Derbyshire fire service has agreed to increase its share of council tax by 1.98 per cent.
The county’s fire and rescue service – governed by the fire authority – has set a budget for 2020 of nearly £40 million.
Its council tax precept will increase by £1.51 a year for Band D taxpayers – rising to £77.73 annually.
The fire service makes up a small percentage of the overall tax bill, with the rest being made up by the police, district or borough councils and county council – along with parish and town councils.
Papers published last week by the fire authority show that it aims to bring in £2.8 million this year by selling its former Burton Road, Littleover headquarters.
It occupied the property for nearly half a century before moving to the police headquarters in Ripley.
The nearly five-acre site is currently being marketed by commercial property agent Salloway.
This year, it hopes to make a further £1 million by selling six fire houses in Matlock and nearly another £1 million from six more in Glossop.
The authority also aims to plough more money into co-location schemes with the police this year in Ascot Drive, Derby; Melbourne; Heanor and Clay Cross – totalling £650,000
A combined £2.6 million will be spent on co-location schemes in Heanor, Clay Cross, Matlock and Glossop next year.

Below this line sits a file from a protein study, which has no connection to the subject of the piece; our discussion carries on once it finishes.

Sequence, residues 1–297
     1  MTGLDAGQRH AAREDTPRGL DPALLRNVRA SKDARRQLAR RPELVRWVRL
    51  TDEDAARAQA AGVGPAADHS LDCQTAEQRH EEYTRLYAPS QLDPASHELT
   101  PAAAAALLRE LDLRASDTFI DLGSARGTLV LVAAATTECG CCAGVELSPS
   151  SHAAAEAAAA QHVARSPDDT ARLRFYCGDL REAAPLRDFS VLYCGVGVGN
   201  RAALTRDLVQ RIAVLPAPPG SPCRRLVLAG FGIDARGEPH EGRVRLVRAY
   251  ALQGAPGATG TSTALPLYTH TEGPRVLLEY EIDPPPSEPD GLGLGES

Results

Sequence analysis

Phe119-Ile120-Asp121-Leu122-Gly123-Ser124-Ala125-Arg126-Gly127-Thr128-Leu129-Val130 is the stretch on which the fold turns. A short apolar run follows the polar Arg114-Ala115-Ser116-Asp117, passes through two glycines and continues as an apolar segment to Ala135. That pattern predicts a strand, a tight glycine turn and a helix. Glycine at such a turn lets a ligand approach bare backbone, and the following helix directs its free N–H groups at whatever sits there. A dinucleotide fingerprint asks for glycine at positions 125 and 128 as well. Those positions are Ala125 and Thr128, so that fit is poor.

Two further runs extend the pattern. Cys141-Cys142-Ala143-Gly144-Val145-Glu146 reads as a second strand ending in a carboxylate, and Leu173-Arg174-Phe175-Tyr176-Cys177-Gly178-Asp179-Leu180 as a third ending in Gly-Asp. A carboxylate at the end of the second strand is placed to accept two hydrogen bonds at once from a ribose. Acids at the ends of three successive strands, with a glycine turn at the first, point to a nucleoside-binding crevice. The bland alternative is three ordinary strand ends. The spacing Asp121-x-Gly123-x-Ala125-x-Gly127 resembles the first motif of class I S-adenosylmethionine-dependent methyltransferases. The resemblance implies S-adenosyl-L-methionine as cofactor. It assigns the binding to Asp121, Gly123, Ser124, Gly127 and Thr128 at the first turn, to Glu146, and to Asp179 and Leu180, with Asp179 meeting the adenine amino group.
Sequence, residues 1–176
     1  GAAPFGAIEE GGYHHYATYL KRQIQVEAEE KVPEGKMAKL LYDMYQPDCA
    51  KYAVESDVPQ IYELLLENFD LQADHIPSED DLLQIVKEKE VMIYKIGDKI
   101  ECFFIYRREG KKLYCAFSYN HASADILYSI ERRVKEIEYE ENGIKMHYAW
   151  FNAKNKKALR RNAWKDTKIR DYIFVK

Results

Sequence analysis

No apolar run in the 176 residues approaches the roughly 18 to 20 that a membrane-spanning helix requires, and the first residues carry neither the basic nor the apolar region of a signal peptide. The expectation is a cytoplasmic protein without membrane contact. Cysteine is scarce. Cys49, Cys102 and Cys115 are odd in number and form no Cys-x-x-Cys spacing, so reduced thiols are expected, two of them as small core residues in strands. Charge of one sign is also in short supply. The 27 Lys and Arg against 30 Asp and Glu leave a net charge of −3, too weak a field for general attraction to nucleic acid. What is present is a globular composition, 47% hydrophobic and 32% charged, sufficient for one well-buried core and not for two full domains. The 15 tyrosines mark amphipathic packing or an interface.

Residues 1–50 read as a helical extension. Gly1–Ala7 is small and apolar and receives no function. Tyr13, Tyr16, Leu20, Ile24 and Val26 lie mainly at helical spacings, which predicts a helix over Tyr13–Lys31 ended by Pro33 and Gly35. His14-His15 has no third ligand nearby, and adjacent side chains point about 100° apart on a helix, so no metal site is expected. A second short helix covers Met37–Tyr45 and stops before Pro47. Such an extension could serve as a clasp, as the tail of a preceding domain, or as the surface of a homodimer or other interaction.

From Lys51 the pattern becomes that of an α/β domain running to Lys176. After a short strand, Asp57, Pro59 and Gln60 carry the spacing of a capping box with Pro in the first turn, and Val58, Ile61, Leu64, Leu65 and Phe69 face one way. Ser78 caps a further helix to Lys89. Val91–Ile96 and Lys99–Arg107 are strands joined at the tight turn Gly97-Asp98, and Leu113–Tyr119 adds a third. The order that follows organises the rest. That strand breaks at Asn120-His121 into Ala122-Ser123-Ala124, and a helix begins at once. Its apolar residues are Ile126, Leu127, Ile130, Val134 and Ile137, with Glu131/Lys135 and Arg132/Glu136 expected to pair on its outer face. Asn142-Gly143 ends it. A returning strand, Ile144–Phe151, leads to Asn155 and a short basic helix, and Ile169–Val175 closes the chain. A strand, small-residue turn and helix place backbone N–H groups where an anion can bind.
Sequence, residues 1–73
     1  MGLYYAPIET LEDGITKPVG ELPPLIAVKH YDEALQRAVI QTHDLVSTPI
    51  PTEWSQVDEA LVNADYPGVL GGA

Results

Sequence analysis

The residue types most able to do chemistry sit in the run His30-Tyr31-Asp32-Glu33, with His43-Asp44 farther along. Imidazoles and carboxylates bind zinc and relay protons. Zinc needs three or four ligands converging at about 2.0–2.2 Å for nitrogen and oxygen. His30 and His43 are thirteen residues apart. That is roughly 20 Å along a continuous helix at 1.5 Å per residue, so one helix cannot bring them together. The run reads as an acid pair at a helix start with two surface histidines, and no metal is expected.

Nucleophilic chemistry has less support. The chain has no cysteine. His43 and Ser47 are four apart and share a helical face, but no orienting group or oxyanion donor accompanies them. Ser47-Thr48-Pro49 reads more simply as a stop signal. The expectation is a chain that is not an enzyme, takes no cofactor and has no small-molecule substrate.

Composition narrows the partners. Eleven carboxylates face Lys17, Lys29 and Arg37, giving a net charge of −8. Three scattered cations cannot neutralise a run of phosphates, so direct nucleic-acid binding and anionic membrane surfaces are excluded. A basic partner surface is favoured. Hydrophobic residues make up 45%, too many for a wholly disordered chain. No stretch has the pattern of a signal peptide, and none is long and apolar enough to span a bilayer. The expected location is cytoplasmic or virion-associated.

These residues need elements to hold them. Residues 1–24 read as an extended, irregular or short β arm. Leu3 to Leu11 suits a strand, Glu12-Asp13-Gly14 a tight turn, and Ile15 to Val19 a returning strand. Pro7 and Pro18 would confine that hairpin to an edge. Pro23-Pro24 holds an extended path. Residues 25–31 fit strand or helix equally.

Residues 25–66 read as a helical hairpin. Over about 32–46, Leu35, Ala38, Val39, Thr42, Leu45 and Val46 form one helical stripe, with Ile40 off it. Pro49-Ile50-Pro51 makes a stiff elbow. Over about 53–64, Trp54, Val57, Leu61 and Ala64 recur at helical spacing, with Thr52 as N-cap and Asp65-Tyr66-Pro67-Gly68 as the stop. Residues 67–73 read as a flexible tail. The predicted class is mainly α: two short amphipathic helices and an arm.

This will be followed by £6.75 million in 2022 on co-locations schemes in Heanor, Matlock and Glossop.
Its budget for 2020 to 2021 will also see the authority buy three new fire engines at a cost of £810,000.
It will buy eight more fire engines next year, spending £2.2 million on the appliances.
Derbyshire’s fire service also secured emergency government funds to pay back other fire services that helped it out during the Toddbrook Reservoir Dam crisis in August.
It paid out £312,000 to other fire services that helped out, using emergency cash known as Bellwin funds.
Similarly, Derbyshire received £67,000 from Bellwin funds for flood support in Wainfleet, Lincolnshire, and is expected to get £30,000 for flood support in Fishlake, Doncaster.
The fire authority is set to make budget cuts of nearly £380,000 this year, with £2.13 million more required from 2021 to 2024.
Papers published last week show that the authority aims to take on 30 trainee firefighters this year, while there are more than 40 vacancies.
SImon Allsop, the fire authority’s director of finance, wrote: “The Fire and Rescue Service continues to provide a responsive and high performing service to our communities as highlighted in last year’s Annual Report.
“Continued challenges force new ways of working, through shared approaches to issues like estates, procurement and training, employment arrangements, and mobilisation.
“Derbyshire Fire and Rescue Service is well placed to safeguard its emergency operations and to continue to protect public safety through ‘Invest to Save’ initiatives and an ongoing commitment to collaborative working.”
He says that, had the authority not taken early action, the organisation would have had a budget shortfall of £12 million this year, reaching £14 million over the next few years.